Wednesday, October 17, 2012

Free Trade? at 25, USA and Canada

There is a scene from the John Candy movie Canadian Bacon, where American military types realize that 90% of Canada's citizenry live within 100 miles (~160 km) of the American border. They pretend to fear an invasion. The fact is Canadians invade the United States regularly, every weekend. But when Canadians 'charge,' they do it with a credit card.

This month marks the 25th Anniversary of the Canada-United States Free Trade Agreement (FTA).

Reciprocity, as it was once called, pre-dates Canada, back then it was limited to raw materials, but in 1911 the terms were broadened and Reciprocity or free trade, was defeated when the Borden Conservatives rejected a treaty signed by the Laurier Liberals. The same arguments used against free trade then, were used in 1987, when ironically, the Mulroney Conservatives signed the FTA. A national election in 1988 confirmed the deal, which was apposed by the socialist NDP and left Liberals of the day. I'm sure Laurier would have been sickened by those modern era Liberals.

So if free trade has been around for a quarter of a century, why do Canadians in ever growing numbers choose to shop in the nearby border towns of the United States? Why are there services that provide "border wait times," for travellers - mostly Canadian - here, here, and here? The answer is simple, just have a look at the tariff chart below that was published in the National Post recently.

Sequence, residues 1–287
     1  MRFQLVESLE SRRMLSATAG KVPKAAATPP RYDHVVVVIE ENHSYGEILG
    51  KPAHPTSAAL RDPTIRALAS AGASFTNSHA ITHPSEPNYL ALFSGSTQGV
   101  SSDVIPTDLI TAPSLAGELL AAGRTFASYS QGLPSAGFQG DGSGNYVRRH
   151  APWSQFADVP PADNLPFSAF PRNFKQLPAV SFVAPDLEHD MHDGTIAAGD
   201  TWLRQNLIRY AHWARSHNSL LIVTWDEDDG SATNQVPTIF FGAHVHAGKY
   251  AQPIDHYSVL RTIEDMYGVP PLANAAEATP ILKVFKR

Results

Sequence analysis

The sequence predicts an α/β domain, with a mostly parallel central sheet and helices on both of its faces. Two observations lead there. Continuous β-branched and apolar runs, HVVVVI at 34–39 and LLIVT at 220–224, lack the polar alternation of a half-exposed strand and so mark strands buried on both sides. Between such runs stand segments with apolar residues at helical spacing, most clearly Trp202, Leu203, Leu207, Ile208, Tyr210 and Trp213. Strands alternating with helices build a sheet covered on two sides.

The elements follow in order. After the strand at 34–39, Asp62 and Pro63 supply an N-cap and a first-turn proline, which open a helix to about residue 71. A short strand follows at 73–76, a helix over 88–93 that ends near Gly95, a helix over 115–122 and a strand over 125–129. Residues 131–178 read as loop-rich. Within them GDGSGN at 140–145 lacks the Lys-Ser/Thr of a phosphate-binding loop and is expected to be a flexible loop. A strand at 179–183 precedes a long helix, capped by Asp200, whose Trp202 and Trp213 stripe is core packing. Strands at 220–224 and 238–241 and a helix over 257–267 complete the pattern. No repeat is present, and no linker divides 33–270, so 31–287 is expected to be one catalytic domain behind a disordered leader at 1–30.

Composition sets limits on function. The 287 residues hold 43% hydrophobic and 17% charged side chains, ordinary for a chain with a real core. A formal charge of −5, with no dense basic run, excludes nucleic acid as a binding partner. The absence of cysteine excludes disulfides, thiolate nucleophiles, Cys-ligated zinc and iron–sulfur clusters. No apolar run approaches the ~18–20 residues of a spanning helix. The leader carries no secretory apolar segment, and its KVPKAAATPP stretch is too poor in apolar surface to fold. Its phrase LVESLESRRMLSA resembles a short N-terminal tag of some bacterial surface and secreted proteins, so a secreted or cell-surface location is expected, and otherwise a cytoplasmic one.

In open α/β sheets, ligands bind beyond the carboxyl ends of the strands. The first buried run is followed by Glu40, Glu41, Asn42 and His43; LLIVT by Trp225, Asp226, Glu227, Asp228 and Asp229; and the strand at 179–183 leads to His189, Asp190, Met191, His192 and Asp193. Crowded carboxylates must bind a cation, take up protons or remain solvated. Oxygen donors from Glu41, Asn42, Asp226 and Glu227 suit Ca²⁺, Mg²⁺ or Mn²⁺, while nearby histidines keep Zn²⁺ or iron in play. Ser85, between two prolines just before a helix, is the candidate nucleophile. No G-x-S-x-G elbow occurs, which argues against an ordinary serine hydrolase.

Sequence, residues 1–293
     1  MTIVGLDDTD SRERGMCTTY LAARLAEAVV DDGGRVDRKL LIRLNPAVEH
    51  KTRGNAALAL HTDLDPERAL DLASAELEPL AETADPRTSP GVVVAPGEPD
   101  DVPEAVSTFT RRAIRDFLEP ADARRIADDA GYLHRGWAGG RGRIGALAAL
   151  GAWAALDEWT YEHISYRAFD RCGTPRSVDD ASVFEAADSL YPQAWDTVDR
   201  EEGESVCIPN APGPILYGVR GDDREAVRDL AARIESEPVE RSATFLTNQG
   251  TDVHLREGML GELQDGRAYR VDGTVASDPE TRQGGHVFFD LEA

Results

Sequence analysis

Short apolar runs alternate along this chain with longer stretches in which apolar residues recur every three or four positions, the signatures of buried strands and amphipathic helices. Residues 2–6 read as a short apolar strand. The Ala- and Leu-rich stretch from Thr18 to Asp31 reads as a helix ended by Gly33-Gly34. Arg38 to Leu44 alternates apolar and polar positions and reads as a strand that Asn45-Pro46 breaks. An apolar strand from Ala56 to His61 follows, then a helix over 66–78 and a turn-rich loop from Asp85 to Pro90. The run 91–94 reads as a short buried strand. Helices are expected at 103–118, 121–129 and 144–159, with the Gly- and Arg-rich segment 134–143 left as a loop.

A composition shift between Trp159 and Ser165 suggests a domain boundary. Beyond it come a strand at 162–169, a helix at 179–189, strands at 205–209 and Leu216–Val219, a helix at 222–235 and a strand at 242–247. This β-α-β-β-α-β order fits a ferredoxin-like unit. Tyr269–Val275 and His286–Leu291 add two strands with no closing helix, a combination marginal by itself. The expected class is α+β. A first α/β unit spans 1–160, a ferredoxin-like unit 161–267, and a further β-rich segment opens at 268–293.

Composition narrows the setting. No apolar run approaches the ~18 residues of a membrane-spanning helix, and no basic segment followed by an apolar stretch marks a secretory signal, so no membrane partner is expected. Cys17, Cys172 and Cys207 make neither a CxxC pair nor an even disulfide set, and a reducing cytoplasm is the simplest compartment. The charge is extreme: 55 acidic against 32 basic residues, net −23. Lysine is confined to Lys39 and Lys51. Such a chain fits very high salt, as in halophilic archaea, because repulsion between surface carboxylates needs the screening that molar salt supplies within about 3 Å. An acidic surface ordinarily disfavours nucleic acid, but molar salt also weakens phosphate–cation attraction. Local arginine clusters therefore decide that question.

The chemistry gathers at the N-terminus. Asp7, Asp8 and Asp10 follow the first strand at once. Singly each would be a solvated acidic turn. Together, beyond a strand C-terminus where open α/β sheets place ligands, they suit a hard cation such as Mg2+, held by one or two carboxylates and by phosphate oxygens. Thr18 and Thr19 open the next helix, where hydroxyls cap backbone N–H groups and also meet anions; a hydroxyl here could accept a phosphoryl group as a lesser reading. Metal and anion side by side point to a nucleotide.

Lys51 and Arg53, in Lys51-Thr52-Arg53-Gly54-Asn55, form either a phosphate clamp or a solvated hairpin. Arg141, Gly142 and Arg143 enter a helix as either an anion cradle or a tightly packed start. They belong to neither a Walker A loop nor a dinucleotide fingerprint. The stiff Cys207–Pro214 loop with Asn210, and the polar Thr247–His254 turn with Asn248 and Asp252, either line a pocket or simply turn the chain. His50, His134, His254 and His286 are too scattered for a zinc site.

from the National Post
If all those items are 7 to 18% more expensive in Canada, AND, each province (except Alberta) has a sales tax plus a federal GST, you can see why many Canadians go on US shopping jaunts particularly since the currencies have been close to par for sometime now. Where I live in Ontario, there is a 13% HST (harmonized sales tax, federal and provincial) that may be avoided with a 90 minute trip to New York State. The potential savings on an item of clothing would be upwards of 30%! Lets not forget that shopping in upstate New York provides more selection and good sales too, because of "the economy of scale."

That phrase: "the economy of scale" is often used by Canadian wholesalers and retailers (as an excuse - but I'm not blaming them) to explain their higher prices. Yet the population of the Greater Toronto Area (GTA) is far larger than upstate New York, aren't we big enough here if we were part of that same New York State market? The simple answer is yes, we are big enough, and yes, we could be part of that market, but the invisible boundary that separates us from our neighbours in New York, adds various government costs to "protect" our industries here in Ontario. Some free trade.

So our political masters here in Canada try to protect the brassier and panty hose industry, while at the same time hurting the rest of the population and in particular those least able to afford brassieres and panty hose.

In that National Post article I've mentioned above, Terence Corcoran explains why free trade is due for a change.

BTW, for your enlightenment here is the trailer to Canadian Bacon, enjoy:

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